In my last blog post, I briefly mentioned breech births via C-sections as a potential contributor to the high rates of Cesarean sections in the United States. Data from 2019 as reported by the Centers for Disease Control shows that 31.7% of all deliveries are by Cesarean. Breech presentation is the most common reason for a planned Cesarean section in the United States. In 2019, 11.8% of all Cesareans were breech births.
In this blog post, I would like to share some more information about why vaginal breech birth is, as Henci Goer says, “a reasonable choice.”
What is a breech birth?
A breech baby is when the baby presents with its buttocks, knees, or feet in the birth canal. Babies are usually born with the largest part of the body first, which is the head. The contractions help shape the baby’s skull. Breech birth can cause potential problems when the umbilical cord moves down the birth canal first and is trapped between the baby and the mother’s pelvis. Vaginal breech birth may increase the change of injury to the baby.
There are three main types of breech presentations: complete, incomplete, and frank.
Breech Birth Practices in the US
Prior to the 1970s, obstetricians were trained on how to deliver breech babies vaginally. Starting in the 1970s, obstetricians moved to deliver breech babies by Cesarean section as it was seen as a solution to complications related to pregnancy and labor. Data from the Term Breech Trial reporting that planned C-section is better for breech presentation compared to planned vaginal birth led to an increase in C-sections. Ultimately, this led to a decrease in practitioners trained to perform vaginal breech births. Lack of training, skills, and experience with vaginal breech birth is potentially a reason why the US has such a high Cesarean rate.
In 2001, the American College of Obstetricians and Gynecologists (ACOG) stated that “planned vaginal breech may no longer be appropriate.” However, that recommendation has changed as of 2018. ACOG noted that practitioners should offer external cephalic version (ECV) as an alternative to Cesarean. The decision of the mode of delivery should consider the patient’s wishes and the experience of the health provider.
Breech Birth Techniques
Turning the Baby Head Down: Home Version
This technique can be done early in pregnancy. It is recommended to do this technique three times a day for ten to fifteen minutes. Lie on your back with knees bent and elevate the hips about 12 inches using cushions. Another position is the knee-chest position. Kneel with the hips flexed and the upper body flat on a comfortable surface. Keep the thighs apart, so they do not press on the belly.
Medical Technique: External Cephalic Version (ECV)
This is a medical technique that is done at thirty-seven weeks. A drug is administered to help keep the uterus relaxed, and the baby’s heart rate is monitored through external electronic fetal monitoring. Once the medication has taken effect, the provider will try to flip the baby by manipulating the belly.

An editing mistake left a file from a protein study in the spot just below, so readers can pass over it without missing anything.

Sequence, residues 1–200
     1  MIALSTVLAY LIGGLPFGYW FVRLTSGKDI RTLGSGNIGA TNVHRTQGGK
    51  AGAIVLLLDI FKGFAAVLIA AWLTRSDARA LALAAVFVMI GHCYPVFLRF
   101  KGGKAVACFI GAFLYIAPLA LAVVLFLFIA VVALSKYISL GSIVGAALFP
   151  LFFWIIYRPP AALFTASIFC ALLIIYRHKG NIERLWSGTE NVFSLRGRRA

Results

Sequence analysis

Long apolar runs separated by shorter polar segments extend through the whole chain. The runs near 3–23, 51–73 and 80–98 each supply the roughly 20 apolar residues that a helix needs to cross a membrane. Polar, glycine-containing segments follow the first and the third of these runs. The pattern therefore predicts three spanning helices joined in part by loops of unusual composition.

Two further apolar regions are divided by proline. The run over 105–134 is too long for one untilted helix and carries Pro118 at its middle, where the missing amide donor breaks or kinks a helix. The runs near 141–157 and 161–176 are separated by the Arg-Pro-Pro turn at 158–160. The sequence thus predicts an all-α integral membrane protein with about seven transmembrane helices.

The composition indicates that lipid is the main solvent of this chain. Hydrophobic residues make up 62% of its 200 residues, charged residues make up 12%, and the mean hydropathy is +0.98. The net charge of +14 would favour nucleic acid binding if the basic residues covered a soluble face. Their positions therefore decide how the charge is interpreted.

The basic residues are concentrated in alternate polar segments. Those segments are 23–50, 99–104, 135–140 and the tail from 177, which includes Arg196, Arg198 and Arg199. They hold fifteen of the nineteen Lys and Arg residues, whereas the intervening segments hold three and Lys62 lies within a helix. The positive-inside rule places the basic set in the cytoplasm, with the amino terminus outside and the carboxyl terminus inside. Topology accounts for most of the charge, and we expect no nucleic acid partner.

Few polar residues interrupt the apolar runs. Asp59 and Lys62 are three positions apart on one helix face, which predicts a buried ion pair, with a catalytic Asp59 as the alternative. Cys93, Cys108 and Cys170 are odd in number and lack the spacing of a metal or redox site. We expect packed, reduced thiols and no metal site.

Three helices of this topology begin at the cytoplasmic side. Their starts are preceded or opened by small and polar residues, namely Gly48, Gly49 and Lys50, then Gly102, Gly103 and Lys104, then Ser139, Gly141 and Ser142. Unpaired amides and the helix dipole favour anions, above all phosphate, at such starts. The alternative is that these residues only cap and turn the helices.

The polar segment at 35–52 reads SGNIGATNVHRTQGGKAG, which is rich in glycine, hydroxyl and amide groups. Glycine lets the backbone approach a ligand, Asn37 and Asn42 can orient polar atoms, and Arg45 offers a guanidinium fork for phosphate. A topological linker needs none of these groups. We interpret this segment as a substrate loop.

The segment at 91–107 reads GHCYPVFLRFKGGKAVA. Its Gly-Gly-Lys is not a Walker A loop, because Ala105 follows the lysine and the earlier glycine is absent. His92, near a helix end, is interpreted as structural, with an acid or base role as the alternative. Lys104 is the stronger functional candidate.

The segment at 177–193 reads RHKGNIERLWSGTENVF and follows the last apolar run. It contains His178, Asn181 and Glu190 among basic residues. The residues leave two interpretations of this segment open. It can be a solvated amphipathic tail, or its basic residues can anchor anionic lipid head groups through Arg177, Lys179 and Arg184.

ECV is safe, effective and can be done during labor and according to ACOG, 20-30% of those eligible for ECV are not offered it in the United States. Potential reasons why ECV is not offered include health insurance plans, hospital reimbursement policies, and lack of provider training and expertise. This is concerning especially knowing that these barriers contribute to the poor maternal and infant health outcomes.
More details on these techniques can be found in chapter two of The Thinking Woman’s Guide to a Better Birth by Henci Goer.
Risks of Cesarean Section vs. Breech Birth
Cesarean section can reduce the percentage of babies born in distress, and reduce the possibility of birth injuries and deaths. On the other hand, it does not entirely mitigate the risks of breech birth. It causes increased maternal risks both long term and short term. Cesareans can lead to severe infections, prolonged hospital stays, hysterectomies, and maternal deaths. Vaginal breech birth can increase the risk of birth injury compared with C-sections, although almost all babies recover from these injuries. C-sections can also cause injuries to the baby that may require suturing.
Vaginal Breech Birth is a Choice
I was fascinated when I learned that a breech baby could be delivered vaginally, and it does not have to be done by C-section. If you read my last blog post, I referenced Chummy, who delivered a breech baby on Call a Midwife. I was curious to know if the technique that Chummy used was accurate, and through my research, I confirmed that the method she used was accurate. The video below shows this technique.
When deciding about birthing mode for a breech presenting baby, it is imperative to learn about all available options and consider the risks and benefits. It is important that providers are continuing to remain up to date with new information to provide their patients with the most accurate and relevant information.
This blog post offers a limited amount of information on breech births. I encourage you to do your own research and seek medical advice from a trusted health provider.